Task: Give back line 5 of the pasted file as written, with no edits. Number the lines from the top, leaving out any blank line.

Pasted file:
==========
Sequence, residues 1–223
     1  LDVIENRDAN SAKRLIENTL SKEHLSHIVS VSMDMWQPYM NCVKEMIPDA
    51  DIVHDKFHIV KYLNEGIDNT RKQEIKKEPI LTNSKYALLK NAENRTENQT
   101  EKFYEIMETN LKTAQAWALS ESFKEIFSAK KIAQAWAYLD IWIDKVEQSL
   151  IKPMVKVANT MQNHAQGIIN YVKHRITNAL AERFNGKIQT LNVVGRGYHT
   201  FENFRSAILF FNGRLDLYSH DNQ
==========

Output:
   151  IKPMVKVANT MQNHAQGIIN YVKHRITNAL AERFNGKIQT LNVVGRGYHT